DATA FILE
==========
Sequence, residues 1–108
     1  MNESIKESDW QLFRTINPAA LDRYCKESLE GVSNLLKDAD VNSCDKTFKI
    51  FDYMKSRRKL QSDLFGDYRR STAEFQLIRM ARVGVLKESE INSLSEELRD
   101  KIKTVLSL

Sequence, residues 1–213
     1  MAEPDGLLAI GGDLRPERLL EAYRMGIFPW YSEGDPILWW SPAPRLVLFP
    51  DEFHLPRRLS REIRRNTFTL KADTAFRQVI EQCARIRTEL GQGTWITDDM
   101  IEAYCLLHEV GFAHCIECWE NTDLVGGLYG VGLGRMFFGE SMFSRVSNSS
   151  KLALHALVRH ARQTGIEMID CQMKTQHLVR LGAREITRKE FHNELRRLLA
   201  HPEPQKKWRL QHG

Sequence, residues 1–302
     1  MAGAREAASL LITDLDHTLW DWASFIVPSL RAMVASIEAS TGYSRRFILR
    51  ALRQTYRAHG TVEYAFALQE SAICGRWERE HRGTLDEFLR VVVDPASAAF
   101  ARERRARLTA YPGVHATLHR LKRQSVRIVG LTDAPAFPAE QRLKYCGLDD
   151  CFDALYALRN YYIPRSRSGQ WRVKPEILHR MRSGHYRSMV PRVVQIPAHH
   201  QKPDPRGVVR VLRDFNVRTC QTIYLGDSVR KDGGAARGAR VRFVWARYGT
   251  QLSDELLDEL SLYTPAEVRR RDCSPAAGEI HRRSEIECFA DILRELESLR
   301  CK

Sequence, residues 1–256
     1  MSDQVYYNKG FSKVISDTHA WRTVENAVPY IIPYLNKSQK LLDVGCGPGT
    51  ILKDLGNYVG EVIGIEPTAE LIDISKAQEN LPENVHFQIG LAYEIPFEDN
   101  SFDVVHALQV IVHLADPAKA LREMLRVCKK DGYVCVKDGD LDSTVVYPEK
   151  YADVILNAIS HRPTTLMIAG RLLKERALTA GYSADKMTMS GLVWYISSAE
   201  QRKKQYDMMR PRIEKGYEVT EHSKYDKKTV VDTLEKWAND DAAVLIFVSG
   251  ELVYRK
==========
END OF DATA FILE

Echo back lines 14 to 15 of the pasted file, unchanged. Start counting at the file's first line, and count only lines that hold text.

   101  ARERRARLTA YPGVHATLHR LKRQSVRIVG LTDAPAFPAE QRLKYCGLDD
   151  CFDALYALRN YYIPRSRSGQ WRVKPEILHR MRSGHYRSMV PRVVQIPAHH